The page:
Once again the Proteas elected to bowl first and for the first five overs it looked like a good decision as Pakistan lost two wickets – but match winning, dangerman Mohammad Rizwan was in front of the wickets and scoring at a strike rate of almost 200%.
Then Tabraiz Shamsi got going and pinned the Pakistanis back (conceding a miserly 16 off his four overs and took one wicket) and things started looking good for the Proteas. Even Rizwan was looking a bit frustrated as his strike rate dwindled down to 124% – and he lost his wicket for 51 for 40 balls.
With dogged determination that has been sadly missing from South Africa, their performance in the field was tough, enthusiastic and gutsy. Pakistan were limited to 144 for seven, with Dwaine Pretorius taking a brilliant five wickets and conceding only 17 runs.
At the end of the Pakistani innings it was comforting to know that South Africa had done very little wrong. With only one dropped catch, their performance in the field was as good as it has ever been.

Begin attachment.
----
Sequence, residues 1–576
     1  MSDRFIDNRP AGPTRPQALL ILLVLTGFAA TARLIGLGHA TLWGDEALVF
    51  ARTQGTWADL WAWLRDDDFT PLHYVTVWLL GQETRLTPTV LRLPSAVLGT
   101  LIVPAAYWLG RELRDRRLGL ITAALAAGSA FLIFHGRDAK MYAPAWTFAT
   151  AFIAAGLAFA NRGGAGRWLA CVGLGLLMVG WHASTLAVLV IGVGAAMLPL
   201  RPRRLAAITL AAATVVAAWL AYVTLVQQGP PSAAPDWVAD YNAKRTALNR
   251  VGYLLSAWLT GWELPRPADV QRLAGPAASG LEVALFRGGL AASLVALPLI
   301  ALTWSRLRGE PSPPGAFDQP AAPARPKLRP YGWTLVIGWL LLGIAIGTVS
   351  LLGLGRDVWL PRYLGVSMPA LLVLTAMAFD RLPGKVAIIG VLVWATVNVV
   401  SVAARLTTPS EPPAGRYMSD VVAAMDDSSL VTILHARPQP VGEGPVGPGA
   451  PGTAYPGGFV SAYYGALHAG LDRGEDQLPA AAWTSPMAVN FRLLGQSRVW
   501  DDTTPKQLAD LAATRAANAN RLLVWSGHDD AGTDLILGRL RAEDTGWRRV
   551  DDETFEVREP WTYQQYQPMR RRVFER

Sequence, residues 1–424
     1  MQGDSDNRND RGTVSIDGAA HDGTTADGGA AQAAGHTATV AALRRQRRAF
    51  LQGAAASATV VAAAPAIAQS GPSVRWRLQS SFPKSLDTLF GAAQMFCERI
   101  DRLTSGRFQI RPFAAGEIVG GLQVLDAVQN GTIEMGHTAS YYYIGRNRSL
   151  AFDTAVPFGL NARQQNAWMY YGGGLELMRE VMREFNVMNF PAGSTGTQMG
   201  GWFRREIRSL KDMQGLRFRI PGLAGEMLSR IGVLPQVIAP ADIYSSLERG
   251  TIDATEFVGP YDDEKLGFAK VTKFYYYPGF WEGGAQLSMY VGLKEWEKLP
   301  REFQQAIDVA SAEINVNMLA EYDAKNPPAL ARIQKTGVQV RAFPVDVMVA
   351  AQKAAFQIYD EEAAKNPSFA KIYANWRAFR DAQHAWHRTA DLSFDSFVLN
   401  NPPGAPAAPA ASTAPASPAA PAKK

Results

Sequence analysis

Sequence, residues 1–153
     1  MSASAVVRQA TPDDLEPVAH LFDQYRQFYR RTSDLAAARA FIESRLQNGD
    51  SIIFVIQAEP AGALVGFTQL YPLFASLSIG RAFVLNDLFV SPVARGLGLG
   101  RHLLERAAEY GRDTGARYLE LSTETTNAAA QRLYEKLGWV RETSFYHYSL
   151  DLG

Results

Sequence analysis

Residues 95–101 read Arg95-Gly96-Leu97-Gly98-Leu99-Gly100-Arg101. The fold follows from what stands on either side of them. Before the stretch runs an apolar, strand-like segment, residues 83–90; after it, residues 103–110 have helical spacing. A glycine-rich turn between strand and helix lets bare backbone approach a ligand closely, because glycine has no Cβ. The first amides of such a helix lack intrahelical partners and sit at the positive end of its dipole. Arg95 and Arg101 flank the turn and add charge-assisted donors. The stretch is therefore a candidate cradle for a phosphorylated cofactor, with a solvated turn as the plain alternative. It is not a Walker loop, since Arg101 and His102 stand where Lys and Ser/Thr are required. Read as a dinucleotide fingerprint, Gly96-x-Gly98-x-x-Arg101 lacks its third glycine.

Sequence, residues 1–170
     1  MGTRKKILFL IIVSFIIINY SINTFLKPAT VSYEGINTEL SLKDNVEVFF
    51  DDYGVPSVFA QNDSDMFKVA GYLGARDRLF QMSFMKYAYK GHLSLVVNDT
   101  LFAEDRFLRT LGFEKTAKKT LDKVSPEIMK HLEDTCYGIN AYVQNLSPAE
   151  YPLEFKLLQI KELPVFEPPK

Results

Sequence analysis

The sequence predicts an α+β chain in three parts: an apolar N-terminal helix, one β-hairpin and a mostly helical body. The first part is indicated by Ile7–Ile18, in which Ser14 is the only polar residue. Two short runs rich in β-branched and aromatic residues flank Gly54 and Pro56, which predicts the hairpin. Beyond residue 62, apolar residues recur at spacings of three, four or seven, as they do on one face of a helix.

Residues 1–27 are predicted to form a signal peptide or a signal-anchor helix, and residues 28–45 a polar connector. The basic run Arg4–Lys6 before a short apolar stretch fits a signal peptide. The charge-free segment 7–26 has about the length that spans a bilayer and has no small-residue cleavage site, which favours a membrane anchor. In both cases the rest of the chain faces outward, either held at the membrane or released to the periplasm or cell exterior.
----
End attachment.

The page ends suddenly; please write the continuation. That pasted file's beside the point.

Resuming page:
As Pakistan started bowling, the conditions came up for scrutiny. Did South Africa play well, or did Pakistan do the best the wicket would allow?
Well, after 8 overs, it appeared that it was all over bar the shouting, with South Africa at 76 for two, already close to the required run-rate, and Pite van Biljon and Reeza Hendricks punishing the loose balls with Haris Rauf bowling as badly as in the first match, handing the Proteas 26 runs in 12 balls.
There was a little wobble when South Africa’s top scorers Hendricks and Van Biljon (42 each) went out in quick succession, but in the end South Africa cruised to victory with almost four overs to spare.
A series win is beckoning for both teams. It could be a classic match.
Picture source: @OfficialCSA